Tuesday, April 10, 2007

Senate Bill 148, First Committee Hearing

Senate Bill 148, the Saving the Cure Act, went before the House Science & Technology Committee today. No voting took place today as the committee only took testimony, which lasted for almost two hours. Dr. Marie Csete, who conducts embryonic stem cell research at Emory University, spoke against the bill by saying the omission of embryonic stem cell research in SB 148 is hostile judgment. Maybe it is just me, but I'm not thinking that is too sound of an argument; however, rumor has it that Dr. Csete's argument might be enough to sway two members of the House Science & Technology Committee. Dr. Csete is a perfect example of one of the two groups I mentioned in my last blog entry who oppose SB 148.

SB 148 does not prohibit or even discourage embryonic stem cell research; the focus of the bill is solely on non-embryonic stem cell research and establishing an umbilical cord blood bank. If Dr. Csete wants bills promoting embryonic stem cell research in the GA General Assembly she needs to contact her elected officials to 'get the ball rolling.' A passed SB 148 will not block such an initiative.

I understand that Dr. Csete is passionate about her field of study and feels the need to voice her opinion, and I am thankful we live in a country where Dr. Csete can voice her opinion freely, but I only wish she would think of the greater good that is possible by the passing of SB 148. Is Keone Penn, first person to be cured of sickle cell via an umbilical cord blood transplant, not evidence of the greater good?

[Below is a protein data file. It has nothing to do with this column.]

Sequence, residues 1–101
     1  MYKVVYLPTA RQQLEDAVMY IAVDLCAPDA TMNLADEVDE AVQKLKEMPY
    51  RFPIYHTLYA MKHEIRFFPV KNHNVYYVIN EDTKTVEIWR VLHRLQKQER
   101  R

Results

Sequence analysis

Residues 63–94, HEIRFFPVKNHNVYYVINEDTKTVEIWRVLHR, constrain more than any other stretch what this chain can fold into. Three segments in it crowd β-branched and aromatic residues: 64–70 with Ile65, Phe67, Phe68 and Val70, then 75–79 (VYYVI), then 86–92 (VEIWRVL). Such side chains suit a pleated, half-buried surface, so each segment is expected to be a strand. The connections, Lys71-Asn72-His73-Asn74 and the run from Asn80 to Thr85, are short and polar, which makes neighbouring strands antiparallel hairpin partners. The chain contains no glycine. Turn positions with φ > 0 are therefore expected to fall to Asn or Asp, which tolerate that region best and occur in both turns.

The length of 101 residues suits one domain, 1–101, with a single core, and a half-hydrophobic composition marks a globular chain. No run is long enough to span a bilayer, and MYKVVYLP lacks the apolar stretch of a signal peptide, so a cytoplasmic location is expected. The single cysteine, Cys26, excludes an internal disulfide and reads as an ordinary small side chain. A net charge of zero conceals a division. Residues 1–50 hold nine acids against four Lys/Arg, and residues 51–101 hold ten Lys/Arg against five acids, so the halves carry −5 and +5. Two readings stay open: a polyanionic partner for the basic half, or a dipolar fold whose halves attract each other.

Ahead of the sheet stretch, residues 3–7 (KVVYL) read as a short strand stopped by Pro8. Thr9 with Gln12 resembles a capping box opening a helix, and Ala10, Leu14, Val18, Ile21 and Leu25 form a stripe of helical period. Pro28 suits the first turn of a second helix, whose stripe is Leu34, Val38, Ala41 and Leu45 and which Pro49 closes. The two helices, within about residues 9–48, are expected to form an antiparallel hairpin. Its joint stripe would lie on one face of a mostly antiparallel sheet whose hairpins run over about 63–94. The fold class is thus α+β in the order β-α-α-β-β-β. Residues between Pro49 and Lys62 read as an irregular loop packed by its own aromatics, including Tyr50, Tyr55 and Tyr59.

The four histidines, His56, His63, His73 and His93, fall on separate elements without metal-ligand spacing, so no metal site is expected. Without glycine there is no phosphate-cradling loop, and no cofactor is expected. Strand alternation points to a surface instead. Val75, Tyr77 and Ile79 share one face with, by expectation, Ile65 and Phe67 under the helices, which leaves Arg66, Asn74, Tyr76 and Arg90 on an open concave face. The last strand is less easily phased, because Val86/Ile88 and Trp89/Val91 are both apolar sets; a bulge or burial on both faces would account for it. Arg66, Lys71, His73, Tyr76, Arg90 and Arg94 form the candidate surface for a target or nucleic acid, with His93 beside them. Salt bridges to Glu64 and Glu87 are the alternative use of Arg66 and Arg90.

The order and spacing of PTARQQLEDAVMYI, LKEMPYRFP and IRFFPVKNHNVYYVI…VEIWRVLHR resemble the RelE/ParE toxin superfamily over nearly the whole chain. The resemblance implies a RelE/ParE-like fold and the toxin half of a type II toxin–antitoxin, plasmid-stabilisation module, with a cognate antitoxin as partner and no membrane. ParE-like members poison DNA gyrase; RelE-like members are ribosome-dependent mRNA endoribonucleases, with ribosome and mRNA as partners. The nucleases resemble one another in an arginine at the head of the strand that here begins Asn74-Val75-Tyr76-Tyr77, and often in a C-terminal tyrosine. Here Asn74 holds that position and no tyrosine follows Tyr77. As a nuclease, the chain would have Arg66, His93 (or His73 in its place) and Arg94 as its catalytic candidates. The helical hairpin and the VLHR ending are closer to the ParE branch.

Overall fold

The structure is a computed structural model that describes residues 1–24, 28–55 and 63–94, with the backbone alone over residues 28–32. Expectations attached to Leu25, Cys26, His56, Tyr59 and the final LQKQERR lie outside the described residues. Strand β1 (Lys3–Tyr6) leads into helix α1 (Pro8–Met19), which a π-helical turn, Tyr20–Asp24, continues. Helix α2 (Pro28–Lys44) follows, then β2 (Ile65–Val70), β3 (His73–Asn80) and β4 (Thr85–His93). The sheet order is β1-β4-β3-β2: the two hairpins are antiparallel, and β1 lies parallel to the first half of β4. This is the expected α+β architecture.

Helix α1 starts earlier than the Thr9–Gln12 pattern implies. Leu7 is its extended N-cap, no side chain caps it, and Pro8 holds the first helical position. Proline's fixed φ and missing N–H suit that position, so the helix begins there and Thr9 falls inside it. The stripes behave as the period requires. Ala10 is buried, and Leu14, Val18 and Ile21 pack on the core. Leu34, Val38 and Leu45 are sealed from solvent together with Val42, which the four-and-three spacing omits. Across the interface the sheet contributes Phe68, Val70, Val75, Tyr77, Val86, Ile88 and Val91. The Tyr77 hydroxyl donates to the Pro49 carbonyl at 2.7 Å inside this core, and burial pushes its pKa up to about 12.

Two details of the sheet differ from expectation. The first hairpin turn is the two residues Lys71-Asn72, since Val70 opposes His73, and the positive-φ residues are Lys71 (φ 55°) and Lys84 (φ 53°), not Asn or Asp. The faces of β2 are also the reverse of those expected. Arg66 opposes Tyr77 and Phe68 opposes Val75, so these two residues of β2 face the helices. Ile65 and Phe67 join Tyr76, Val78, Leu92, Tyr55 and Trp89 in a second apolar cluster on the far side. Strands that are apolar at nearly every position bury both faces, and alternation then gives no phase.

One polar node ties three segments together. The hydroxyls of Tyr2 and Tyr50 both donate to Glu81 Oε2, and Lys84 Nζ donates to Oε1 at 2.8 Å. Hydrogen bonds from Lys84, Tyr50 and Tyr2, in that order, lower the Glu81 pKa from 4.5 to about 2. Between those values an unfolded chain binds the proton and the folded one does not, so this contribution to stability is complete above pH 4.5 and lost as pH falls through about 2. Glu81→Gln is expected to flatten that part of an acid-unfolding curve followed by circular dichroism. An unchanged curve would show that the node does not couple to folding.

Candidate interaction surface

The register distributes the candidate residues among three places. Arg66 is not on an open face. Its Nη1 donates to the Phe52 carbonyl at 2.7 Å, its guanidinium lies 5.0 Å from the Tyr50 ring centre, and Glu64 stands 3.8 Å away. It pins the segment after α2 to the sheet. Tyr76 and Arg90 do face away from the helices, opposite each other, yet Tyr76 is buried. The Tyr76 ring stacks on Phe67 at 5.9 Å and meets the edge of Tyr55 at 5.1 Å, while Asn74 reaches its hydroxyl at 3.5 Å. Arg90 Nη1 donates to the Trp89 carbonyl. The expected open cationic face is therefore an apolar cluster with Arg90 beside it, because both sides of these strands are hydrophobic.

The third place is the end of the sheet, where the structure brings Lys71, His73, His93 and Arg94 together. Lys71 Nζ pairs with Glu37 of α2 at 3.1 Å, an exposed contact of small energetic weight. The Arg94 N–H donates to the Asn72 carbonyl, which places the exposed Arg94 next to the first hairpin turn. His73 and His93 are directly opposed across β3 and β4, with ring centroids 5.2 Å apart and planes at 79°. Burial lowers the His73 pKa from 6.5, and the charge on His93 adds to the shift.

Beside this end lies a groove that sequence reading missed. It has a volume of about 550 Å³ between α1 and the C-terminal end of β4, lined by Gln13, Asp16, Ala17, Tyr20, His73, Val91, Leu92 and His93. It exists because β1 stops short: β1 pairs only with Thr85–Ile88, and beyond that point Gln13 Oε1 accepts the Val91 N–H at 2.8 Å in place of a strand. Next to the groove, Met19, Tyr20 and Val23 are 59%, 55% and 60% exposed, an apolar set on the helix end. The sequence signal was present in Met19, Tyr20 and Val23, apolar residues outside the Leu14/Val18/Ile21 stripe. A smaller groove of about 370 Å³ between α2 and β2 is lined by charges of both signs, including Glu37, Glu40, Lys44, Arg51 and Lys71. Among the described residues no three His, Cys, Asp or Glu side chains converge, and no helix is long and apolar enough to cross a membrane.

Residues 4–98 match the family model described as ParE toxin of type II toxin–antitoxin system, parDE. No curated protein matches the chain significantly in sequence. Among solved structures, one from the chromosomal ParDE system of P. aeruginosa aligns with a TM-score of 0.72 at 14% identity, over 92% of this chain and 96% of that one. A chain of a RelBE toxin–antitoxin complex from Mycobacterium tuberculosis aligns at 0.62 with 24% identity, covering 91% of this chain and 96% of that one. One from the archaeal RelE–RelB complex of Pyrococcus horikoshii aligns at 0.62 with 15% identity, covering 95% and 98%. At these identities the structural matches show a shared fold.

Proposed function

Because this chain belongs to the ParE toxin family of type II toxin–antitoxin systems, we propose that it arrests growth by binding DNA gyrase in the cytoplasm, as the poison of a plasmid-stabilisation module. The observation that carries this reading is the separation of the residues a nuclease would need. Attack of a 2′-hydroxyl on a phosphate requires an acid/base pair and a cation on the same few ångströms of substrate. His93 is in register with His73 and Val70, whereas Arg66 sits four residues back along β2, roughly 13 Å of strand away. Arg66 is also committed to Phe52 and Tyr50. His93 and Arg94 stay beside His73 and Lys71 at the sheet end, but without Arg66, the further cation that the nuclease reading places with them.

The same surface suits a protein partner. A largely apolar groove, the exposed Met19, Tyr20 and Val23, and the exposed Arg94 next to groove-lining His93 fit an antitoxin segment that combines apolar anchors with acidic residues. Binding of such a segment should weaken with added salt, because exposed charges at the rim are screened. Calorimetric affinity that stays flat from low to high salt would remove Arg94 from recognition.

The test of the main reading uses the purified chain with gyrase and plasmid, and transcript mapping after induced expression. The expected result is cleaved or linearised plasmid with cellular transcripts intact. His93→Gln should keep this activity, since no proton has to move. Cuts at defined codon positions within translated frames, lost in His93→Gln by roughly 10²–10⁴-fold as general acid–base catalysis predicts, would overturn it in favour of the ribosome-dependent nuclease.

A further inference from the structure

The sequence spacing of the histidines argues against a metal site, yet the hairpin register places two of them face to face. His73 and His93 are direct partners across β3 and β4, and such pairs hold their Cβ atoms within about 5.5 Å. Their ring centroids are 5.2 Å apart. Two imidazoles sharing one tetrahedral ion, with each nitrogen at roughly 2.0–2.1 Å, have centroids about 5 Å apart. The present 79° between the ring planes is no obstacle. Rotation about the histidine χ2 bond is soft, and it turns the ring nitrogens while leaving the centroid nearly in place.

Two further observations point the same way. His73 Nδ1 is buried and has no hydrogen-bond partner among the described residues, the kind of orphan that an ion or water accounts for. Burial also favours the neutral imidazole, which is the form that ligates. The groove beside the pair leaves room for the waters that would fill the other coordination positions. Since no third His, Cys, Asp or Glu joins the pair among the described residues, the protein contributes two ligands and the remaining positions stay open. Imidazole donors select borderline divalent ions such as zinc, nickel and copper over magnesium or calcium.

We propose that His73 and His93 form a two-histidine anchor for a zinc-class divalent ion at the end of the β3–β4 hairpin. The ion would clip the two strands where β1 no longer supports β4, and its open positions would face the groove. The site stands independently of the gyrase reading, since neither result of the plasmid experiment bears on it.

Not to sound harsh, but also staying true to speaking my mind, I would hope a doctor would have a better argument than saying the omission of an item is hostile judgment. If I would have used such an argument way back when, when I was on the middle school debate team, the debate coach would have pulled me from the podium.

Again, I encourage you to review Senator Shafer's website for SB 148, the Saving the Cure Act. Navigate the site to read various letters of support and newspaper articles regarding the bill along with the names of organizations that support SB 148.

When you email the House and Technology Committee please copy Senator Shafer (David.Shafer@senate.ga.gov). For your ease, you may copy and paste the emails of the Science and Technology members from below:
amos.amerson@house.ga.gov; chuck@martinforgeorgia.com; xda92@mmm-law.com; david.casas@house.ga.gov; hardie.davis@house.ga.gov; kevinlevitas@bellsouth.net; marymargaret.oliver@house.ga.gov; barbara.reece@house.ga.gov; barry.loudermilk@house.ga.gov

Please share information regarding SB 148 with coworkers, friends, and family. Encourage them to contact the House and Technology Committee. With our support this bill can be released from committee and eventually passed in the House.

As citizens, it is our jobs to hold our elected officials accountable for their actions in the General Assembly. Their votes speak for us, so we must not fail to inform them of how to represent us, and if they fail to represent us we must take action at the polls .


Anonymous said...

Dustin, Lisa Allender here...I'm sending pieces of your Blog out to everyone on my list!Keep up the great work!

Dustin Brookshire said...

Lisa-- THANKS for your support of SB 148. I hope you'll be able to share the information with your 'Pax group.'

Hope all is well with you!

take care,

Chris Daughtrey said...

Thanks for making sure that an important issue like SB 148 does not go unnoticed by the public. Dustin, when a chance comes along to make a real difference, thank you for trying to ensure that we don’t miss it.

Dustin Brookshire said...

Chris-- You are most welcome!

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